At the same time, Mr. LaBelle's comment, whether entirely serious or not, reminds of one crucial issue: general plans, like treaties, are often made to be broken, particularly when times are tough on the financial front.

It is true that there is a historical precedent, since at least the early 20th century, for using steep hilly areas for avocado raising, such as in Hacienda Heights, La Habra Heights, Fallbrook and other southern California locales.

Having said this, almost any agricultural endeavor has its downsides, especially crop failures due to drought and pest infestation, declining demand in shaky markets, and the use of pesticides which affect ground water and streams, to name a few.

Moreover, as we face water shortages in this extended drought (we'll see how much rain comes in the next few days and, more importantly, what happens to the Sierra snowpack in the remainder of the rainy season), it doesn't seem appropriate to talk about dramatically increasing water expropriation for uses that may not bring the desired profit and could take away from existing residential and commercial need.

Additionally, there is the cost of preparing the land, contracting growers, and preparing the products for market.

Besides, isn't the city really better off focusing on the Shoppes and other retail rather than trying to get into the specialty agriculture business?

Is there anyone who lives in or cares about Carbon Canyon who really wants to see Noble firs or avocados on the hillsides to the south of Carbon Canyon Road between Chino Hills Parkway and Old Carbon Canyon Road--the most likely open space area within the Chino Hills portion of the Canyon for such uses? Even cattle, picturesque as they are grazing contentedly on this land now, use a lot of water, produce pollutive methane gas, and contribute to erosion.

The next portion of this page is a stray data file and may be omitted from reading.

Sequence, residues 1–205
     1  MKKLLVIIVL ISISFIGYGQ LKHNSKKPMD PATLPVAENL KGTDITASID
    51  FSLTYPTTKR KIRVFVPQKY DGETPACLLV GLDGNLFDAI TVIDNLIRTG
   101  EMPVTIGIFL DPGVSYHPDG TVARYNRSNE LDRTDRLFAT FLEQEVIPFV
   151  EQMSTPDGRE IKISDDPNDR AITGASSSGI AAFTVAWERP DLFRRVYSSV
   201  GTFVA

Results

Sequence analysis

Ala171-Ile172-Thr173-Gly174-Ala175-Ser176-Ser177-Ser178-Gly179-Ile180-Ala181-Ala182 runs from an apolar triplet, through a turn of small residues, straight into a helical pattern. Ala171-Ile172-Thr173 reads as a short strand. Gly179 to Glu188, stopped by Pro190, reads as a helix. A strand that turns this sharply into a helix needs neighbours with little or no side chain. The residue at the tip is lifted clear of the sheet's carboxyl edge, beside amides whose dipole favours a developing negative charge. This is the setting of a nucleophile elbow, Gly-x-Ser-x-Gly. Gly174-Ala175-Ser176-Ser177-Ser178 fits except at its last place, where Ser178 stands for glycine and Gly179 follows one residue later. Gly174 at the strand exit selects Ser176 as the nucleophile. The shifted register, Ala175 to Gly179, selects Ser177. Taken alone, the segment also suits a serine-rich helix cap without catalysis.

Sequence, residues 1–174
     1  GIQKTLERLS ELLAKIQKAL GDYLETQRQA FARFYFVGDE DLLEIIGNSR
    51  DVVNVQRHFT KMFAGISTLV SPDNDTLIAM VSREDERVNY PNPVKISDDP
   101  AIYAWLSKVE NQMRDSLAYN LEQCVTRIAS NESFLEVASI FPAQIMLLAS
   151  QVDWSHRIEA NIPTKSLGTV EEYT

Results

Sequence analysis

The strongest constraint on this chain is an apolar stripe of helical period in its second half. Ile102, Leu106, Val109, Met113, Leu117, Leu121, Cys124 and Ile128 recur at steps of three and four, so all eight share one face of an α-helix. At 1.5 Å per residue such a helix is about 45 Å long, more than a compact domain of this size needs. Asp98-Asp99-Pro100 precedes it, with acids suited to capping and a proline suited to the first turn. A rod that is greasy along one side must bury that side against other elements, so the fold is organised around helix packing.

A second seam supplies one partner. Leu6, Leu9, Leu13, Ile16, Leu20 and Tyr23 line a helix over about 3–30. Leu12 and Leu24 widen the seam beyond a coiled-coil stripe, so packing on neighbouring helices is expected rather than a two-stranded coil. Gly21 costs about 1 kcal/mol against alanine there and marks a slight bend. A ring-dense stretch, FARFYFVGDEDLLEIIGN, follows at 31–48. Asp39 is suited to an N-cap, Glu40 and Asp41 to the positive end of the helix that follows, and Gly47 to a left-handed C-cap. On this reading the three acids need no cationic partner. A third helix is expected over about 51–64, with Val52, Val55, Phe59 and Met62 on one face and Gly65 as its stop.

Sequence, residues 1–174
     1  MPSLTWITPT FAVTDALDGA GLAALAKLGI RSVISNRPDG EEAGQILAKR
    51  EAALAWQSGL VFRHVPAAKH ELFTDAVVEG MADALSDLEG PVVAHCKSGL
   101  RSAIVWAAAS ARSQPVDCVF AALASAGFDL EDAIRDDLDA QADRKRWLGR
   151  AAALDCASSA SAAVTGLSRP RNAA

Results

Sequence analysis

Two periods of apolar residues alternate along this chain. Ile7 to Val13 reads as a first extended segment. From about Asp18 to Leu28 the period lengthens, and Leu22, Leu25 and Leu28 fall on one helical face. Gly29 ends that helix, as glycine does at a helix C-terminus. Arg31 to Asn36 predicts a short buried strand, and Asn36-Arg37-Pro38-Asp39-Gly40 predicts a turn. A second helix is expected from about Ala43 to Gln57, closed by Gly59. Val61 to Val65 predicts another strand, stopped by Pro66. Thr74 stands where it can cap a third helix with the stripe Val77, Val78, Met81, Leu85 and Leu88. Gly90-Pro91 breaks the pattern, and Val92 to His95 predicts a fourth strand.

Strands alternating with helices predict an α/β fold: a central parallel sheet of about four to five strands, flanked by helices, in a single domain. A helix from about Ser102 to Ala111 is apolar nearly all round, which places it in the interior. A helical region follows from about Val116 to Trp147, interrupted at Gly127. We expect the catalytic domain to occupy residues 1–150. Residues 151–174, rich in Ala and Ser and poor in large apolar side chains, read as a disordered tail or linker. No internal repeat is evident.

Chino Hills has becomes a desirable place largely because of the generally solid planning that draws residents to the city and one of those features is the open space and rural feel that space provides. Any idea of compromising this is a non-starter from the get-go.

Let's hope Mr. LaBelle wasn't serious and that the City Council doesn't give it any more consideration. Finally, and this last point should be on the minds of anyone concerned with how government deals with fiscal and other crises:

Desperation-driven public policy is a poor substitute for (somewhat) rational planning.

Let's hope this was a passing little fit of irrationality and will soon be forgotten!

02 February 2009

Chino Hills State Park News

A press release was issued at the end of last week announcing that Chino Hills State Park was officially reopening yesterday after being closed two-and-a-half months since 90-95% of the park burned in November's Freeway Complex Fire.